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Protecting your passwords with MFA is a simple step you can take to protect your business from a costly cyber attack.
With our dependency on technology and computer-based systems increasing year over year, a growing number of businesses are moving operations online. The start of the pandemic drew record numbers of companies to shift their entire workforce online as well. With that migration, damages caused by cyber attacks have increased by 7,000% over the past five years with an attack occurring every 10 seconds in 2020.
Whether your company operates remotely or in person, the use and presence of technology and digital assets put your business at greater risk of a cyber attack. Luckily, protecting your organization from a costly cyber crime doesn’t have to be difficult. There is a simple step everyone can take to secure your online presence and protect your business, and it all starts with your password.
The average person has close to 80 passwords which can be a lot to remember! It’s common to use the same or similar passwords for multiple sites but that level of security won’t cut it anymore.
Proper passwords should be longer in length (8-12 characters or more) and should avoid commonly used passwords or easily guessed phrases. For best security, it’s recommended to use a password manager to securely store your passwords. Additionally, experts remind users to never enter any passwords into an unsafe or unsecured site. This means ensuring your web apps use HTTPS to secure your passwords in transit.
But passwords only offer one layer of protection. To help prevent your company from a cyber attack, our Cyber Insurance experts at Morris & Garritano recommend bolstering your login security by enabling Multi-Factor Authentication, or MFA, as part of your overall access management strategy.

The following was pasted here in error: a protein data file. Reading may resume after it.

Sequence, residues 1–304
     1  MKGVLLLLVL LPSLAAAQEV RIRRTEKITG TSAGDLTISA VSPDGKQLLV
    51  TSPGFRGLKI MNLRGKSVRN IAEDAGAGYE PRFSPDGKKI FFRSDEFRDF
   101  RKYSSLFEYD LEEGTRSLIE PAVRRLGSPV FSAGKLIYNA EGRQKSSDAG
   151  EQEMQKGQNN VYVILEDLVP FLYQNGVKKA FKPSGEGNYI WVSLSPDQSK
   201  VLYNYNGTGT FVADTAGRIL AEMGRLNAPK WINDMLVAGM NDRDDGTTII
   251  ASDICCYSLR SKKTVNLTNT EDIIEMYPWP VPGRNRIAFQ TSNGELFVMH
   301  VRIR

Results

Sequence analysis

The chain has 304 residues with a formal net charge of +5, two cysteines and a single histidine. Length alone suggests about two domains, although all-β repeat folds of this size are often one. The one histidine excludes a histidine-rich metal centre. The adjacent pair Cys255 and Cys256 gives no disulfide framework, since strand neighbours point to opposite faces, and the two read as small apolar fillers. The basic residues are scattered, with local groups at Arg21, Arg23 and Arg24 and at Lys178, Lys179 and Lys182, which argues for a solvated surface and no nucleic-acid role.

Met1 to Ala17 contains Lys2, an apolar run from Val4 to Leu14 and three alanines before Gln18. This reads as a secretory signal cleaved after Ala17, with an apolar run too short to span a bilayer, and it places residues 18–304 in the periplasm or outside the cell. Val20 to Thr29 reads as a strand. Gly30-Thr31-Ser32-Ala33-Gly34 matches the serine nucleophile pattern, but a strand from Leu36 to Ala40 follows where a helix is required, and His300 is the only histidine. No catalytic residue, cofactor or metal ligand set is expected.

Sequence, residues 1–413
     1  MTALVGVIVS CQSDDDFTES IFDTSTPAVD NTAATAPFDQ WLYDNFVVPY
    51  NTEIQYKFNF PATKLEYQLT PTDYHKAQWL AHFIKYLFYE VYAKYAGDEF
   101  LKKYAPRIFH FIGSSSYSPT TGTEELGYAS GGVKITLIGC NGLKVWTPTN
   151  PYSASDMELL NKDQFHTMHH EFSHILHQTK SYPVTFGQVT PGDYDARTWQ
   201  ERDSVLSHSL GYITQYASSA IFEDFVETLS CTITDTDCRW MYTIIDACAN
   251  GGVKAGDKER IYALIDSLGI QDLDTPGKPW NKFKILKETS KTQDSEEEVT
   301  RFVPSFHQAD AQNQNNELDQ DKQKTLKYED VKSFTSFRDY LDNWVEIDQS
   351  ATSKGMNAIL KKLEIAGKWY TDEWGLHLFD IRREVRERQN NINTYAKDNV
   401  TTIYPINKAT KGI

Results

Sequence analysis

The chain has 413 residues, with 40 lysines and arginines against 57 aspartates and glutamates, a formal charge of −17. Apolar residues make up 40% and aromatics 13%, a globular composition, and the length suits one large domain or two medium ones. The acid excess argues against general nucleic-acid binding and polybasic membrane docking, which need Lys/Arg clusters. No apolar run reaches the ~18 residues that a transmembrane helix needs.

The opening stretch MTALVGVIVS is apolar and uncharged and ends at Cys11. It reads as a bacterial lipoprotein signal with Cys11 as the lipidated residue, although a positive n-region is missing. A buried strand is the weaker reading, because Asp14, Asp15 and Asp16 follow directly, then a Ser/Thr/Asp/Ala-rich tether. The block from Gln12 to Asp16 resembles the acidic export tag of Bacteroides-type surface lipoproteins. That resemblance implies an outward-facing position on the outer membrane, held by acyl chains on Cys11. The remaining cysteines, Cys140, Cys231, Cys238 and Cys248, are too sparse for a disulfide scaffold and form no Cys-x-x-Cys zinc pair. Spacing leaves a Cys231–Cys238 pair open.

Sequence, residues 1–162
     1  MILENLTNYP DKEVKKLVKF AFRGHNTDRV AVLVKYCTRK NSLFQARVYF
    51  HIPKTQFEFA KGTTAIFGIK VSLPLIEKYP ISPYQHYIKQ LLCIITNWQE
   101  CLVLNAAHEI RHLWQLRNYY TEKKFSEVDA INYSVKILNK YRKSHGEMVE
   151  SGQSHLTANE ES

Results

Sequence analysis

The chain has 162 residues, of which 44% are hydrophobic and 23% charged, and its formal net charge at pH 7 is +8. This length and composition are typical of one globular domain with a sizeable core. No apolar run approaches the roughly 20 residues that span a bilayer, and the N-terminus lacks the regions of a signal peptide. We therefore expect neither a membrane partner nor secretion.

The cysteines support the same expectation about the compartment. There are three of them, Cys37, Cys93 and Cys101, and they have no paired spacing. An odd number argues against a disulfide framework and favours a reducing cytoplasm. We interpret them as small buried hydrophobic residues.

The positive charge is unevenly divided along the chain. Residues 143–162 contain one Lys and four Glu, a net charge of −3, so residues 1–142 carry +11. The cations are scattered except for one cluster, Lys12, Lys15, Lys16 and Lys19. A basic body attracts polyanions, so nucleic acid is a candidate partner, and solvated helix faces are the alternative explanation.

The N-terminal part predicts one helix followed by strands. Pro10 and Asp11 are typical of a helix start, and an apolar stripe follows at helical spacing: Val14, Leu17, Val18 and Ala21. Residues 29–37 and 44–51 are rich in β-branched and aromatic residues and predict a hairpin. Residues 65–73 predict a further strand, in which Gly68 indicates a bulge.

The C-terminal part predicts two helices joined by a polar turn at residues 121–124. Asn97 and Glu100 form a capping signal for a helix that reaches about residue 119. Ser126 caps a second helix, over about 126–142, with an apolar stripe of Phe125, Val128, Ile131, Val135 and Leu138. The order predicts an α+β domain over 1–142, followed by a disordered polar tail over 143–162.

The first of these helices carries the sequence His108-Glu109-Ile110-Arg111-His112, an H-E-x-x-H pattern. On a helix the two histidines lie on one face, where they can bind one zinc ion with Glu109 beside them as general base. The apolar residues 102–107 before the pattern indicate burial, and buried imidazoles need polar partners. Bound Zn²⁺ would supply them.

MFA goes beyond even your best-crafted password to secure your data with a second layer of protection. MFA uses an additional form of identification to really make sure it’s you when allowing access to your accounts. This involves a combination of something you know, something you have, and/or something you are.
Due to the state of telephone networks today, Microsoft warns users to abandon once useful telephone-based MFA solutions like one-time codes sent via SMS and voice calls and instead replace them with newer technologies such as app-based authenticators and security keys.
Using MFA is free and usually built into common workplace suites such as Google or Microsoft. Yet studies show many businesses opt out of MFA claiming the extra step of verification can be tedious. However, the extra step is always worth it as MFA has been proven to block 99% of attempted cyber attacks!
It’s best to engage with your IT department or IT vendor to set up an implementation plan that not only establishes MFA but educates your employees on using the feature and explains the purpose and need for added security.
Any account that accesses critical data, applications, private data, and all secured systems within your business should be protected with an extra layer of security.
This is especially important with remote workers accessing files on a company server from outside the office.
Enabling MFA can have a significant impact on the availability and affordability of your cyber insurance coverage. By implementing MFA in your company, you are showing proactive risk management by lowering your vulnerability to attacks. In fact, due to the steep rise of cyber claims, MFA is becoming a common condition required to qualify for cyber insurance coverage.
Contact Morris & Garritano at firstname.lastname@example.org to learn how implementing MFA can help your business and the benefits of having cyber coverage or check out our Cyber Coverage Resources for more information.